My attitude reminds me of a gospel story in which a woman uses a bottle of expensive oil to anoint Jesus. A fellow follower of Jesus complains that, instead, the bottle might have been sold and money given to the poor. Jesus scolds the complainer. Jesus says the poor will always be with us but Jesus will soon depart, and the act was well done. The woman will be remembered forever, as she is. I am like the complainer; and I should know better. Not all acts have to be narrowly useful. Not all non-useful acts are a waste. If no harm is done, then usually it is best to leave alone. Sometimes harm is done by omission, as in this case, but even those cases are usually best left alone.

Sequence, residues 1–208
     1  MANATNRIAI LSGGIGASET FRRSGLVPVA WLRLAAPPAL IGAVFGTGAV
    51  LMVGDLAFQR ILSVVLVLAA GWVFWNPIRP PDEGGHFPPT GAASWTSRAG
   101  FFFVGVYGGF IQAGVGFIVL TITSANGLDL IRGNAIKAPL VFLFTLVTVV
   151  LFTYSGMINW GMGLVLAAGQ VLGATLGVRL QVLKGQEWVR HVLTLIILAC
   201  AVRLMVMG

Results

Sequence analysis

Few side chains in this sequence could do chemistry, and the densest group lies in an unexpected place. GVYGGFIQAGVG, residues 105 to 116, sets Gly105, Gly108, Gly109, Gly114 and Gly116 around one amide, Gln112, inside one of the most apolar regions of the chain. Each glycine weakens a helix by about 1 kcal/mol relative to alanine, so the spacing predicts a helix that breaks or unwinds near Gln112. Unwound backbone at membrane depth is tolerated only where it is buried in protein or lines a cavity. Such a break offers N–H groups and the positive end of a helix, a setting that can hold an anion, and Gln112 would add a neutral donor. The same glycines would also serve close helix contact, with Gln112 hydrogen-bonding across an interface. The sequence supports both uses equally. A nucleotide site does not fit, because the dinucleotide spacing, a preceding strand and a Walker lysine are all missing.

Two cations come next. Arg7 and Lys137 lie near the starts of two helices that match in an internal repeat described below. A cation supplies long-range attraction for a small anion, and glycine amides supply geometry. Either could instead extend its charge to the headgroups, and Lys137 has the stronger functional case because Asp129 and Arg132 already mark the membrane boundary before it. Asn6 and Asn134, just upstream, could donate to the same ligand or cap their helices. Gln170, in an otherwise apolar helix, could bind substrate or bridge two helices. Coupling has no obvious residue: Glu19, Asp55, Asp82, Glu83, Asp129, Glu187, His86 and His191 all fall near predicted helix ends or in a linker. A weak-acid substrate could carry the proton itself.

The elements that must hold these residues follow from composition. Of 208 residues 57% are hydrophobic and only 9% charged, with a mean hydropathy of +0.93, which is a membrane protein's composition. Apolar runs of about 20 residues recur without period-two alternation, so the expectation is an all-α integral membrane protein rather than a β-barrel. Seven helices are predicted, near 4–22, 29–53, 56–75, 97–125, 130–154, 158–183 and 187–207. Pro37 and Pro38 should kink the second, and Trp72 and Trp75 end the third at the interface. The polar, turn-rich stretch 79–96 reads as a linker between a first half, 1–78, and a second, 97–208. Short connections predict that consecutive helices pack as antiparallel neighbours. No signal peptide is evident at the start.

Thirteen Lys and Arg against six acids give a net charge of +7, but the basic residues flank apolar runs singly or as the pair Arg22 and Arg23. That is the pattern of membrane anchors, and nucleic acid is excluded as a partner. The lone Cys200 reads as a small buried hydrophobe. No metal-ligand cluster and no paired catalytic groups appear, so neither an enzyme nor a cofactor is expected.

Misguided worship and other religious acts annoy me because they are like magic and superstition. Fingering a rosary is like leaving a cake for the fairies to eat. Sticking your hands out like antennas and babbling in pseudo-tongues is like dancing for the tree spirits who will bless your herd. Haranguing students on the steps of the Quad is like whipping the voodoo believers into frenzy. Lighting a candle is like getting the priest to bless your lotto ticket. These days, thankfully, mostly magic does little harm except to believers. It does harm believers by keeping them from better thoughts and acts. The formal Thai word for magic is “sayasaat” from Pali-Sanskrit “saya shastra”. “Sayasaat” means something like “practices-arts that put you to sleep”. “Sleep” in this case is the opposite of “awakened” or enlightened. It means confused about how the world really is and what you should do. It is the sleep of a business person so immersed in success to make his-her family “better off” that he-she neglects his-her family and makes them fail. People immersed in magic, silly beliefs, and silly practices are asleep to the bigger better world and to the better things they could be doing. Even if magic works, it misdirects attention away from waking up and from doing what is more useful for you and the world. Because of that, and of how much they waste, misguided worship and other religious acts are quite annoying. It all borders on the indecent. This is the way many Protestants feel toward Roman Catholic devotional practices but it is also the way I feel toward many Protestant devotional practices as well. It is just annoying in the way magic and superstition are annoying, and you wish people would cut it out and do something better.